More precisely, dark suppositions belonging to social anthropology, social psychology, plain sociology or plain psychology are more readily digested when sheathed in fairy dust or when coated with the rancid blood of pygmy pegasi than when spelled out without filters. P.L. Travers was onto something when she had her protagonist, Mary Poppins, claim that “a spoonful of sugar helps the medicine go down.” Granted, No Pegasus or unicorn can substitute for rough, unsparing problem-solving, yet, mythical quadrupeds can lead us to otherwise overlooked solution paths.
Consider the following relational challenge. In one version of a tale, boy meets girl, girl avoids boy, and boy is forced to date someone else. In a slight variation on the same theme, a two-headed gelatinous wildebeest bull smells the ozone-sweet aroma of a two-headed gelatinous wildebeest cow and subsequently makes sexual overtures. Unfortunately, the cow he smelled had already been half-devoured by a prowling space cheetah; the air he sniffed was scented not by pheromones, but by the cow’s dangling viscera. Her “aroma” signaled not estrus, but death. Thereafter, the coalition containing the space cheetah snuffles the bull’s pheromones and then makes him their second course.  
In the above telling, the first instance consists of a predictable path of plot points and as such is fairly useless for stirring readers’ sentiments. The second instance, however, puts new slipcovers on the same points, thereby increasing those points’ ability to agitate. As soon as authors use figurative critters to illuminate events, their work becomes worth its price in paper or screen time. Above and beyond slapping consumers upside the head with undercooked spaghetti, or taking away their trolling privileges, the best that wordies can do to heighten their viewers’ sensibilities is to dress real world problems up in incisors and fur.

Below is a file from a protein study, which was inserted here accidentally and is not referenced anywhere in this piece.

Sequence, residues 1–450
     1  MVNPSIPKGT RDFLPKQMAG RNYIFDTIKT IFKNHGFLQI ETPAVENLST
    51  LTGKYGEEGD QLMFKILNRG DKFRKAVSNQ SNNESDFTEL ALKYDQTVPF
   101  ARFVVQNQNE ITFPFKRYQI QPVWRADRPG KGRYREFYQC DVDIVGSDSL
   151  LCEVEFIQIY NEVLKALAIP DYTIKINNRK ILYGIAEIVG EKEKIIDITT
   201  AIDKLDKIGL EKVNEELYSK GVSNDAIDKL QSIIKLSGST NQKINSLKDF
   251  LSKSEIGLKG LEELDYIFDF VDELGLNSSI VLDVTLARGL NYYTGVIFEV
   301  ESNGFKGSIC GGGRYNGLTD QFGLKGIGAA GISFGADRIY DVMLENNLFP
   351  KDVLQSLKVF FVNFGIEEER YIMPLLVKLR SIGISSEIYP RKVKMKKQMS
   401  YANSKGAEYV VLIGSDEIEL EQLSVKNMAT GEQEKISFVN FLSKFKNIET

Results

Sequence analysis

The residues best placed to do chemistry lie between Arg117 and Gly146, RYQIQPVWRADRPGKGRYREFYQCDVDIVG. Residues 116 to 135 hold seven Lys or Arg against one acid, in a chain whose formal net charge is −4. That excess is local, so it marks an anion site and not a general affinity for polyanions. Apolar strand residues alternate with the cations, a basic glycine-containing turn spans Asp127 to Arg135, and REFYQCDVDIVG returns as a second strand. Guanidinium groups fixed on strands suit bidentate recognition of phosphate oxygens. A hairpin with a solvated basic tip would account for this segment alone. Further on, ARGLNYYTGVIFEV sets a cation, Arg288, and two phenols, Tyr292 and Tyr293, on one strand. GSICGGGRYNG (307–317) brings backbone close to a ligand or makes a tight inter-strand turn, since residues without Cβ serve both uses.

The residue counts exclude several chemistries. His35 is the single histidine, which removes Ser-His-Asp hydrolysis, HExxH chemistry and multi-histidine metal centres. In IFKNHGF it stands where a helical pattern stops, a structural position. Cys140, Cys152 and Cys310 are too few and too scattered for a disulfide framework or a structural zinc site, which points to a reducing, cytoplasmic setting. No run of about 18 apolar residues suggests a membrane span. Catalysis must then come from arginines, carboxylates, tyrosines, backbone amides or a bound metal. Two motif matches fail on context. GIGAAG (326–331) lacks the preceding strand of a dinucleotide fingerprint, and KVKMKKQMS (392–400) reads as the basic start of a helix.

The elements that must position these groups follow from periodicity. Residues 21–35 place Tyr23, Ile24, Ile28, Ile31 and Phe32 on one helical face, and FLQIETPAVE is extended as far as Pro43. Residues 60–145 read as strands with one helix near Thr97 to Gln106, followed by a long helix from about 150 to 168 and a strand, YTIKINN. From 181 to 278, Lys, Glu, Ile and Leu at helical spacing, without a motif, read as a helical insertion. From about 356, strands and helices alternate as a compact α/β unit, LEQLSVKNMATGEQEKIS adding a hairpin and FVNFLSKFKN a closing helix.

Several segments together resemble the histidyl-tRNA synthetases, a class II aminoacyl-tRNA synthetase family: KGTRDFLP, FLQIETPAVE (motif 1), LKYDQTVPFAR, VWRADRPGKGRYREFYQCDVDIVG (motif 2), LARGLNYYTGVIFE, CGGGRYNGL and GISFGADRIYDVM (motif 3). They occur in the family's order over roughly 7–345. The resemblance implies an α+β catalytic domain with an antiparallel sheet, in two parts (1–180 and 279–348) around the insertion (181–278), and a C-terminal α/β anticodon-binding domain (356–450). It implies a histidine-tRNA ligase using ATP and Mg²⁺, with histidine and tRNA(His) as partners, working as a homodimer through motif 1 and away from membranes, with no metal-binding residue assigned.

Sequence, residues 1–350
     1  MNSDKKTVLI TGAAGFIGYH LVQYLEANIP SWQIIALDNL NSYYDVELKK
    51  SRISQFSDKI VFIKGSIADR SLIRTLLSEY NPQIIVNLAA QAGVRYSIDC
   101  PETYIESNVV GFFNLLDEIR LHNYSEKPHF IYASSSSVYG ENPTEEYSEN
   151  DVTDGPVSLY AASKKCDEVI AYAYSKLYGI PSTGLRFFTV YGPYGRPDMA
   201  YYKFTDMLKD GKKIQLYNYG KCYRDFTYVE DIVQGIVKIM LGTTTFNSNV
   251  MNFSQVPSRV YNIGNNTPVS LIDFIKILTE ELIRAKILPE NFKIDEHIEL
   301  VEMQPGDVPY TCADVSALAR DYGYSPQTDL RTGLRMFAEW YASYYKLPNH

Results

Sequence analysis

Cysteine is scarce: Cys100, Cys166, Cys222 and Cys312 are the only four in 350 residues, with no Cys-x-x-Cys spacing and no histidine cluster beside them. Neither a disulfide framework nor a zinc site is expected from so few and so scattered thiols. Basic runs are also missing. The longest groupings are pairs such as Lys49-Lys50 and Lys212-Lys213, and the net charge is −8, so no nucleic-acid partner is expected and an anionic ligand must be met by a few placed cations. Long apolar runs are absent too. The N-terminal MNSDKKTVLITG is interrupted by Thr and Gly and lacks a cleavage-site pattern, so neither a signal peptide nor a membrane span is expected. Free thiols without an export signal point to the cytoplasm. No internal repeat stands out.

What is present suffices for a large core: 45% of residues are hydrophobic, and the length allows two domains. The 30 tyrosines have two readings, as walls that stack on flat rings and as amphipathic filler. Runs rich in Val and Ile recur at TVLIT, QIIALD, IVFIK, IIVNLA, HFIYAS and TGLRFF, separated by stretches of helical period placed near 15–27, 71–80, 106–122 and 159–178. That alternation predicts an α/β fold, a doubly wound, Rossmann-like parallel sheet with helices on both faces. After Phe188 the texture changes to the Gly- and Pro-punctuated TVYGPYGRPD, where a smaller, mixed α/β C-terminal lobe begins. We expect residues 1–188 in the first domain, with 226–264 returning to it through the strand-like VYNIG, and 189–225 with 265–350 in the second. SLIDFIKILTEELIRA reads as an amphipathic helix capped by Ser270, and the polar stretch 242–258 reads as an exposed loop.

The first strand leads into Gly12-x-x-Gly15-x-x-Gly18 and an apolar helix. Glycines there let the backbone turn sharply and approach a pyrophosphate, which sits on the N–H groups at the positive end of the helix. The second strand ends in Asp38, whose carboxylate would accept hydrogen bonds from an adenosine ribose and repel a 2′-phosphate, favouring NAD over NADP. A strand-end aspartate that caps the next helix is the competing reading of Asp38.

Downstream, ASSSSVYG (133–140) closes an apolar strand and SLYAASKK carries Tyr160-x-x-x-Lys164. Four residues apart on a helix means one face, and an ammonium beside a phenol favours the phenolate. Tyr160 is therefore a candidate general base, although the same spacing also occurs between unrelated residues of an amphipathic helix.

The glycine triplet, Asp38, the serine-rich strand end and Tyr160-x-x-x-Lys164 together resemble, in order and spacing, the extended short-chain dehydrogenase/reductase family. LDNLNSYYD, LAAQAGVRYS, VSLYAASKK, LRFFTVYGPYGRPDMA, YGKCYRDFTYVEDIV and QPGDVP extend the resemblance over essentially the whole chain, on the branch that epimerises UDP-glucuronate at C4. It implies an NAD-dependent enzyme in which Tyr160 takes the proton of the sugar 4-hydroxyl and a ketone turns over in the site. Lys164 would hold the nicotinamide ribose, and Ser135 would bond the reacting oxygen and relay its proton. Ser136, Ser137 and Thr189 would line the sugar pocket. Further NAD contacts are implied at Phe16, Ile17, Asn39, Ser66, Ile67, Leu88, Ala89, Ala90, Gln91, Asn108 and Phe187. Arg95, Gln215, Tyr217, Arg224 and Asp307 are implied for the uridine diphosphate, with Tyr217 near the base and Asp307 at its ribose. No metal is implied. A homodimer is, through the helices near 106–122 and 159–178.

A third remarkable feature of stirring moral cookpots by transforming aliens into utensils is that the strategy has utility not only for short stories, but also for poetry, essays, drama, and novels. When it comes to fixing the inhabitants of this ecosphere, it’s not the genre of a composition that matters but its impact. To wit, three-legged hippos often succeed where preachy monographs fail.
Unlike the majority of sorts of incitement, wacked manifestations of mobile, breathing fancies elicit responses form society’s incurious side. Entities with palpable cathermerality, particularly those with entertaining or horrific behaviors, cause end users to read more than initial chapters or to scroll down many pages. Moreso, those feet and wings invite witnesses to become increasingly open as well as vulnerable to ambush. Sadly, sometimes word slingers have to trap to save. Raising personal and social consciousness had long been an acceptable rationale for ensnaring. Accordingly, it behooves scribblers to continue to swim alongside amethyst cats and pink elephants. 
In my case, too, my greatest satisfaction comes from crafting yarns about eukaryotic whatever-they’re-called, polka dotted Otts, or too-small-to-see creatures that mew and spew in the middle of the night. When I construct works about the incredible or about the barely conceivable, I’m happy and I’m providing audiences with fresh approaches to mental architecture.